It was difficult to understand Millie. Her speech was laborious because of cerebral palsy and even worse because calcium deposits on her vertebra affected her neck muscles. The staff at Rehab was kind, but in a hurry. Many had been trained in another country and spoke English as a second language. However, the language difference was less important than the attitudes the caregivers brought with them from their culture. Their previous experiences and expectations led them to think that anyone with difficulty communicating had significant cognitive limitations. Millie tried to ask them to warn her before they lifted her stiff hands so she could prepare herself. They smiled and nodded but didn’t understand. So they picked up her hands without warning. Millie yelled loudly. Millie’s mom would visit and the nurses would ask her how Millie felt. Mom reassured the nurses they were doing a good job, but she didn’t tell them to listen to Millie. Even Millie’s mother was a part of the cultural divide; as a Pacific Islander she was not able to be critical of caregivers and sought to avoid confrontation. So Millie yelled.

Finally Millie complained to a friend, “They only see the physical, not inside you.” They decided to provide a little education. They wrote down all the words Millie had to say and posted them on the walls of Millie’s room. They wrote ideas like, “When you don’t understand, ask me to repeat. Two or more times if necessary.” They wrote, “No pureed food!” They wrote, “Millie is not deaf or dumb. She respects your intelligence, please respect hers.” Over time, her room was covered in words. The staff was amazed. They began to respect her, and working together Millie finally left the hospital. She never reached her goal of walking again, but she did regain her self-respect and dignity.

Finding Answers

If the nation is to achieve the Healthy People 2010 goals of reducing health disparities, and if individuals such as Millie are to receive the quality health care they need, a great deal of work must be done during the last half of the decade. Some questions that demand to be addressed are as follows:

In Hawai’i, we are aware of the health disparity issue and are actively seeking resources to begin to answer the questions posed above. One of the areas we’re addressing is ensuring that the data gathered through the Healthy Hawai’i 2010 project includes data on persons with disabilities across cultural groups. The questions and issues raised in this article are not relevant just to Hawai’i. There are individuals like Millie everywhere. There is a need to find ways everywhere to gather the data that will illuminate the relative roles of disability and culture, separately and in interaction, in health disparities that exist in this country, and then to shift health care practices accordingly.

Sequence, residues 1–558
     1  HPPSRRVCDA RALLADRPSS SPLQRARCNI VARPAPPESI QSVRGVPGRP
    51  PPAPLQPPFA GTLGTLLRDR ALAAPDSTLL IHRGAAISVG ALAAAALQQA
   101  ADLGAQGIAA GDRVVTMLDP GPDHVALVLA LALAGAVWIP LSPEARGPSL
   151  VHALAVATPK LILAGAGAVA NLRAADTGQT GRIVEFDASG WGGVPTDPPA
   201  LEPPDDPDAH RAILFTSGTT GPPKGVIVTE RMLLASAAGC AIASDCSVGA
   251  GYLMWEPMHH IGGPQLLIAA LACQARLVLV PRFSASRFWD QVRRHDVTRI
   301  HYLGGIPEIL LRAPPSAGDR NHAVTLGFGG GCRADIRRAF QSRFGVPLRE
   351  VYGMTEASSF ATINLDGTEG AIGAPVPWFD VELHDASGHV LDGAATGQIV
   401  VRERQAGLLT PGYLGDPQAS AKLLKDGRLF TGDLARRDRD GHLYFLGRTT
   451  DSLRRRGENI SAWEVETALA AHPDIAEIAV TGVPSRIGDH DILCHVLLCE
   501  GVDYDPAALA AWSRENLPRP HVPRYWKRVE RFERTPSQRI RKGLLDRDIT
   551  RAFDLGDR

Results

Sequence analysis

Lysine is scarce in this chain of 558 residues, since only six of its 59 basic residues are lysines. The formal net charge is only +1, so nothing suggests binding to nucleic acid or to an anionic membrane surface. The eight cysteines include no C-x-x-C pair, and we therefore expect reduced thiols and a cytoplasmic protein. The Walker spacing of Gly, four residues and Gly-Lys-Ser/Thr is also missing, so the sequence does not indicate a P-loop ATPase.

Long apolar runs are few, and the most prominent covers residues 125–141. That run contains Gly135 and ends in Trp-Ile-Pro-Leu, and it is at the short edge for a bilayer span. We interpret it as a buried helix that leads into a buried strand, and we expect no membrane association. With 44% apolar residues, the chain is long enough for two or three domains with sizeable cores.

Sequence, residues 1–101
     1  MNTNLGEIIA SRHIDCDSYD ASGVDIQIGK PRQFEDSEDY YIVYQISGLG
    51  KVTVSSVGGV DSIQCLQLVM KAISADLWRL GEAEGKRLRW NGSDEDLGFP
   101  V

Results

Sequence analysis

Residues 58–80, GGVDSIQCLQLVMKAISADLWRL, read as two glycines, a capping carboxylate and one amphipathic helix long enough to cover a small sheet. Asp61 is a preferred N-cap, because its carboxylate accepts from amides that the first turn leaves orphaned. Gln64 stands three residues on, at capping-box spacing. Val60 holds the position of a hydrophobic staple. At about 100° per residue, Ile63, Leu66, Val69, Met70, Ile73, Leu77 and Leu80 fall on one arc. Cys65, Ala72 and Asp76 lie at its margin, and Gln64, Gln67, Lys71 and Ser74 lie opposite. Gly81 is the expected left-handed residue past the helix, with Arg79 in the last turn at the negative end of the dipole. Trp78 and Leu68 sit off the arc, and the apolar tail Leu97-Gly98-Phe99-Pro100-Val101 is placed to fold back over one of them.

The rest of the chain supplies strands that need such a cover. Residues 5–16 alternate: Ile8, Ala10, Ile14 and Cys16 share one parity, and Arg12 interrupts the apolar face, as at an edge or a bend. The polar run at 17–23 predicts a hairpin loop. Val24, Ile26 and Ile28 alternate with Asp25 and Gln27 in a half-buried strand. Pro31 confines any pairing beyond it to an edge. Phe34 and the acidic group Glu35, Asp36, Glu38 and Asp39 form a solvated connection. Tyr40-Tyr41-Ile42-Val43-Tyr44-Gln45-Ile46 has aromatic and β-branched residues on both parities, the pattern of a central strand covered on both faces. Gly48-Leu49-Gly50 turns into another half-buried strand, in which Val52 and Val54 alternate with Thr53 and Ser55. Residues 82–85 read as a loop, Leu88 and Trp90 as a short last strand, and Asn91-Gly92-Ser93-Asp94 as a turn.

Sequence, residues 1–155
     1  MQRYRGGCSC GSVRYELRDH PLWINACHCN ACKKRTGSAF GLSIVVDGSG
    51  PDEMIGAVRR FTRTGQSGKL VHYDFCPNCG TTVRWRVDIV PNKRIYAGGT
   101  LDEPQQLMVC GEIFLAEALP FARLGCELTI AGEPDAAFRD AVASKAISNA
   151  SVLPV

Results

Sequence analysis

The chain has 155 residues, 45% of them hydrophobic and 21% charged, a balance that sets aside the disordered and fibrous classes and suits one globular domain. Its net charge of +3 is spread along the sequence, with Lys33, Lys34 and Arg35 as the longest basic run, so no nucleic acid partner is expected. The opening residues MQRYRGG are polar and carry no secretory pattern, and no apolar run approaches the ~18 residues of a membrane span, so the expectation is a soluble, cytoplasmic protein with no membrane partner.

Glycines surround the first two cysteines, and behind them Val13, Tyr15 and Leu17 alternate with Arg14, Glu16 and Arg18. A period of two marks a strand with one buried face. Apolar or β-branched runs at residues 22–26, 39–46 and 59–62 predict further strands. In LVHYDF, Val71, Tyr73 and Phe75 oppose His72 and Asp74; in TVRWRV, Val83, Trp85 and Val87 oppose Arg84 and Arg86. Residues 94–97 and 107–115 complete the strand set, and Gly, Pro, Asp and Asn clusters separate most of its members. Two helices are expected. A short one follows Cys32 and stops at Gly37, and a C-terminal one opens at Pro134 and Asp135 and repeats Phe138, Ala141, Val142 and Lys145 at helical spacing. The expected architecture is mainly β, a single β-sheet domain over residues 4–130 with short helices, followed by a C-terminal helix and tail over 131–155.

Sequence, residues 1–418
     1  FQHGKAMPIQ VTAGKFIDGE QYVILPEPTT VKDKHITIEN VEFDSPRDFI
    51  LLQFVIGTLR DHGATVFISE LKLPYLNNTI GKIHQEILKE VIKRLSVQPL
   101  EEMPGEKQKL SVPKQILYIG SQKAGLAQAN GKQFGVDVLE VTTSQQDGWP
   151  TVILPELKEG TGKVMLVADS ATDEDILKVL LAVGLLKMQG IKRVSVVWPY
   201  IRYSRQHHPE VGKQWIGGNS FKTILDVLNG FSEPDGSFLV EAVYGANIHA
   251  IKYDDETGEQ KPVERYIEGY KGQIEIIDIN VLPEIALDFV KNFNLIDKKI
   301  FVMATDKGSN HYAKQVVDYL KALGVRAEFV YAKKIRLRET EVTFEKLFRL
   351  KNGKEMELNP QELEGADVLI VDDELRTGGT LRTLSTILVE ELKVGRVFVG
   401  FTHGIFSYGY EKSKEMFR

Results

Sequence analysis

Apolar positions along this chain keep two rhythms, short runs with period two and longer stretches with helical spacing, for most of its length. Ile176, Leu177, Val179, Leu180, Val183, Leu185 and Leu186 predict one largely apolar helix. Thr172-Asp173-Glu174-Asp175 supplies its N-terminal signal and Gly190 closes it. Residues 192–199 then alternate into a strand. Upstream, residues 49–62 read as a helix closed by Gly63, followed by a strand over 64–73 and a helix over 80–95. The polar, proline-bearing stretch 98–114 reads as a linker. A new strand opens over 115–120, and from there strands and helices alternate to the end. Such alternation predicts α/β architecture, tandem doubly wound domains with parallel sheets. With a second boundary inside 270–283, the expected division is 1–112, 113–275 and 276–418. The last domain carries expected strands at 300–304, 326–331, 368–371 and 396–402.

References

Centers for Disease Control and Prevention, (June 2003). National Center on Birth Defects and Developmental Disabilities, Healthy People 2010 Disability and Secondary Conditions Focus Area 6 reports and proceedings. Retrieved 11/4/04from http://www.cdc.gov/ncbddd/dh.

Chen, J.Y., Diamant, A.L., Kagawa-Singer, M., Pourat, N., & Wold C. (2004). Disaggregating data on Asian and Pacific Islander women to assess cancer screening. American Journal of Preventive Medicine, 27(2), 139-145.

Fray, D. (2004). Results of Core Indicators Survey. Presented to the State Council on Developmental Disabilities, Honolulu, HI, May 31, 2004.

Hawai`i State Department of Health (2002). Hawai`i vital statistics report 2002. Retrieved 11/04/04 from http://www.hawaii.gov/health/statistics/vital-statistics/vr_02/index.html.

National Center for Health Statistics (2002). Health, United States 2002. Retrieved 12/20/04 from www.4women.gov.

Tan, T.S., Solomon, L.J., Yeh, C.J., & Worden, J.K. (1999). The role of cultural variables in breast self-examination and cervical cancer screening behavior in young Asian women living in the United States. Journal of Behavioral Medicine, 22, 419-426.

U.S. Department of Health and Human Services, (2000). Healthy people 2010: Understanding and improving health (2nd edition). Washington D.C.: U.S. Government Printing Office.


Jean Johnson is Interim Director, Martha Guinan is Junior Specialist, Steven E. Brown is Assistant Professor, and Valerie Shearer is Junior Specialist, all with the Center on Disability Studies, University of Hawai’i at Manoa, Honolulu. They may be reached at 808/956-2653 or jeanj@hawaii.edu.

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Retrieved from the Web site of the Institute on Community Integration, University of Minnesota (http://ici.umn.edu). Citation: Gaylord, V., Abery, B., Cady, R., Simunds, E., & Palsbo, S. (Eds.) (2005). Impact: Feature Issue on Enhancing Quality and Coordination of Health Care for Persons with Chronic Illness and/or Disabilities 18(1). Minneapolis: University of Minnesota, Institute on Community Integration. Available at http://ici.umn.edu/products/impact/181/default.html.
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The PDF version of this Impact, with photos and graphics, is also online at http://ici.umn.edu/products/impact/181/default.html.